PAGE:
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If $\vec{v} = (1,2)$ draw all vectors $\vec{w} = (x,y)$ in the plane $x,y$ with $\vec{v}\cdotp\vec{w} = x + 2y = 5$. Which is the shortest $\vec{w}$?

I draw the graphic. I believe is about (1,2) by looking and testing some values. However math isn't about believing. What is the proper way to think about this exercise. I'm just starting with linear algebra (self-study) so any algebraic method is great.

Source: Ex 1.2.26, P21, An Introduction to Linear Algebra, 4th Ed, by Gilbert Strang

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4 Answers 4

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Well since your vector $\vec{w}$ is only defined by it's coordinates $x$ and $y$ and since those variables are defined by $x+2y=5$ you have:

$x=5-2y$ and thus $\|\vec{w}\|^2=x^2+y^2=(5-2y)^2+y^2=25+4y^2-20y+y^2$

So:

$$\|\vec{w}\|^2=5(y^2-4y+5)=f(y)$$

Derive $f$ and you get $f'(y)=5(2y-4)=10(y-2)$. Clearly this equals $0$ when $y=2$. So your minimum norm $\vec{w}$ vector is for $y=2$ which gives you $x=5-2\times 2=1$.

So it's indeed as you thought $\vec{w}=\left(\begin{array}{cc} 1 \\ 2 \end{array}\right)$

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(+1) Of course, there's no real need to take the derivative. Simply rewrite in vertex form as $$f(y)=5(y-2)^2+5.$$ –  Cameron Buie Apr 17 '13 at 15:26
    
@CameronBuie Yes, I like yours better ! –  Dolma Apr 17 '13 at 15:29
    
Thanks. Although I didn't derive since college this is a great and simple way to solve the problem (more than the calculus-free approach that @user12477 proposed). +1 –  Randolf R-F Apr 17 '13 at 15:36
    
You're welcome. And well yes this is a pretty straightforward way of looking at the problem. But I find @user12477's solution quite nice (elegant). –  Dolma Apr 17 '13 at 15:39
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A calculus-free approach: the dot product formula tells us that $$\vec{v}\cdot\vec{w}=|\vec{v}| |\vec{w}|\cos\theta,$$ where $|\vec{v}|$ is the length (norm) of $\vec{v}$, $|\vec{w}|$ is the length of $\vec{w}$ and $\theta$ is the angle between the two vectors. Noting that $|\vec{v}|=\sqrt{5}$ and using $\vec{v}\cdot\vec{w}=5$ gives $$ |\vec{w}| = \frac{\sqrt{5}}{\cos\theta}.$$ Can you see what value of $\theta$ will make this smallest? From there, you can figure out $\vec{w}$.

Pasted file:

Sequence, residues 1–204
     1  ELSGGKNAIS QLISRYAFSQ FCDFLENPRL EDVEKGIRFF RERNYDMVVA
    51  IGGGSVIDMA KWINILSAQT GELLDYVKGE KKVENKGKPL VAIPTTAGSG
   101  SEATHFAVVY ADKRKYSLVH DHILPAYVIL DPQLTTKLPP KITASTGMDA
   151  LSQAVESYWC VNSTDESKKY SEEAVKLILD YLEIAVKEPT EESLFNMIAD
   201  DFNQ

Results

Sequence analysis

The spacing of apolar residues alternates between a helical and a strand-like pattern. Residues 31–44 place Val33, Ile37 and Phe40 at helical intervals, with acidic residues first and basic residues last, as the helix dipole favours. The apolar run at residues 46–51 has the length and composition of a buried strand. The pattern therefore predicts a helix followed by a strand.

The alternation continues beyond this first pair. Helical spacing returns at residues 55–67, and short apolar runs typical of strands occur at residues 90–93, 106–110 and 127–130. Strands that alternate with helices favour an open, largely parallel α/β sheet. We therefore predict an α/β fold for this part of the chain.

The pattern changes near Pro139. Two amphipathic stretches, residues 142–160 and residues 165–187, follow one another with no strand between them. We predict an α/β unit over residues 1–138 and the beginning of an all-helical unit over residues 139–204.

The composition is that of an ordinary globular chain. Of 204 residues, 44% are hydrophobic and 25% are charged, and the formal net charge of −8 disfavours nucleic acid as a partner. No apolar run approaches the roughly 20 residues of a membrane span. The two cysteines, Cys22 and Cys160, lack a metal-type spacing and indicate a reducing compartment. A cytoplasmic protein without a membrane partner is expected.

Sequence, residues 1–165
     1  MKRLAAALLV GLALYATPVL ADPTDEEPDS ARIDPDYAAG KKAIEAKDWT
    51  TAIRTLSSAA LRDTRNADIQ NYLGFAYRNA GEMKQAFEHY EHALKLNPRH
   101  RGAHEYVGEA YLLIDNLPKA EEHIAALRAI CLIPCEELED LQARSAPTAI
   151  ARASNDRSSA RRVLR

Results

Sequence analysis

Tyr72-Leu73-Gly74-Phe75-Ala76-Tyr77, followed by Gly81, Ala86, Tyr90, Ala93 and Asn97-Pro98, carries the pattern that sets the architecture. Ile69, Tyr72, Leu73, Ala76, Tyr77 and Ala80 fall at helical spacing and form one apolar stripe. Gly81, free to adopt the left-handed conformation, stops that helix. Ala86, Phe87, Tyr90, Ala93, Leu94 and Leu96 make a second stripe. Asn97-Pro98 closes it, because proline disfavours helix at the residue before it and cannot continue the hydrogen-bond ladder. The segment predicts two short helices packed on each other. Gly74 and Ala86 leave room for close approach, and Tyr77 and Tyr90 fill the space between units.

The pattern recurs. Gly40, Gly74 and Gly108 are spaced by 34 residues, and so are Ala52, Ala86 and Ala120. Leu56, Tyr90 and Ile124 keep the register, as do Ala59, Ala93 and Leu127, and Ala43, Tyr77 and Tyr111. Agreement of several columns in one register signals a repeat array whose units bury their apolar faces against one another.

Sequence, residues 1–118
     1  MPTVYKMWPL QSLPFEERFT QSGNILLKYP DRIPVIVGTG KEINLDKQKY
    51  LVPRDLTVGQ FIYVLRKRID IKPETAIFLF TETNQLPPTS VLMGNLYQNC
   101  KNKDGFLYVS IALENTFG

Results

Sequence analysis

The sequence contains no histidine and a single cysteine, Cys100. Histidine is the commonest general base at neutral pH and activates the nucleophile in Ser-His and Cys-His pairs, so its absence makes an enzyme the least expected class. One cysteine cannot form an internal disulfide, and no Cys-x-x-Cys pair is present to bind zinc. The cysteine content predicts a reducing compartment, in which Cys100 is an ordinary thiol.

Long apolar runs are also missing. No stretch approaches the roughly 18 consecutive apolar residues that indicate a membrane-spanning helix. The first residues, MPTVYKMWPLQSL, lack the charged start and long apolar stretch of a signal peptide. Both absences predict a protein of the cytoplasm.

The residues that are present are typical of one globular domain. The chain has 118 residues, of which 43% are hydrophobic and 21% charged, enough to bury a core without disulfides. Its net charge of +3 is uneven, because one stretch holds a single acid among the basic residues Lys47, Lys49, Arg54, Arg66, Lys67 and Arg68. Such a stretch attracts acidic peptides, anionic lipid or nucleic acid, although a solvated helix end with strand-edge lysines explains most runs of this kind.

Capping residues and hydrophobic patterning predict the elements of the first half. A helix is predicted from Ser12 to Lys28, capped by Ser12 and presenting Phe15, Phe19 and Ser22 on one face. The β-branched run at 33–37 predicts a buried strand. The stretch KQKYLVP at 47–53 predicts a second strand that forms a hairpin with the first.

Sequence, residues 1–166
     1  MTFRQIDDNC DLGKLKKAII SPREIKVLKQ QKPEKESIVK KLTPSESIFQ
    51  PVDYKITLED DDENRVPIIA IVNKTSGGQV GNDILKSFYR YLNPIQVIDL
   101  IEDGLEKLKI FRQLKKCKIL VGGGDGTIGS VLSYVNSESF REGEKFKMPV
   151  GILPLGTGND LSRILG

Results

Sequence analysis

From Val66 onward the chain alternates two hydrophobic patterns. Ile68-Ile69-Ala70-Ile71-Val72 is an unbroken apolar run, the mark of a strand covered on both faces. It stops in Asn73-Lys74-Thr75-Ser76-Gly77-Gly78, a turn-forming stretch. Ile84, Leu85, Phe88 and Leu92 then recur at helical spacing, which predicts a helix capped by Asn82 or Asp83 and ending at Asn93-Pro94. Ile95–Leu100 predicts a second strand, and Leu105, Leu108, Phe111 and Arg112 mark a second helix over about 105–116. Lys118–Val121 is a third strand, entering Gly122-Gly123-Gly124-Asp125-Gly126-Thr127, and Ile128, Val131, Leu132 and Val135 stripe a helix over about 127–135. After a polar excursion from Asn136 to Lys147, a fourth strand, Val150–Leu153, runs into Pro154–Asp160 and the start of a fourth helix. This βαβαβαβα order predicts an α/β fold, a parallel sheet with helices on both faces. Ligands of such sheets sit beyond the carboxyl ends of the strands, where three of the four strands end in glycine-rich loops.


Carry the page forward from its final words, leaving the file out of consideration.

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(+1) Well, clearly $\theta=\pi$ makes it the smallest, but that's nonsense. ;-) –  Cameron Buie Apr 17 '13 at 15:37
    
Although I can see your point and thank you for that (+1) these seem like a long workaround. But thanks. –  Randolf R-F Apr 17 '13 at 15:39
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We minimize the square of the norm of $w$: $x^2+y^2$ with the constraint $x+2y=5$ $$f(y)=x^2+y^2=(5-2y)^2+y^2=5y^2-20y+25$$ so $$f'(y)=10y-20=0\iff y=2$$ hence $w=(1,2)$

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It's actually $5y^2-20y+25$ not $-10y$ ;) –  Dolma Apr 17 '13 at 15:17
    
@Dolma thanks for your comment. –  Sami Ben Romdhane Apr 17 '13 at 15:18
    
And $\left(\begin{array}{cc} 3 \\ 2 \end{array}\right)$ doesn't have the property $x+2y=5$ ;) –  Dolma Apr 17 '13 at 15:20
    
@Dolma You're right I corrected the typo thanks again –  Sami Ben Romdhane Apr 17 '13 at 15:21
    
Yes sorry I've seen it after my comment was posted. You're welcome –  Dolma Apr 17 '13 at 15:22
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The simplest way to find the shortest vector $(x,y)$ that satisfies $x+2y=5$ is to substitute, say, $x=5-2y$, and observe that you actually want to minimize $\sqrt{x^2+y^2}$, which is the same as minimizing $x^2+y^2=(5-2y)^2+y^2=25-20y+5y^2=5(y^2-4y+5)$.

Minimizing this is simple: $f(y) = y^2-4y+5$ is a parabola in $y$ facing up, so it has a minimum where the derivative is $0$.

$$f^\prime(y)=0$$ $$2y-4=0$$ $$y=2$$

Which you can substitute back to get $x=1$.

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(1,3) will result in a greater magnitude vector than (1,2). So it can't be. –  Randolf R-F Apr 17 '13 at 15:19
    
Same for you, the coefficient of $y$ is $-20$ and not $-10$. –  Dolma Apr 17 '13 at 15:20
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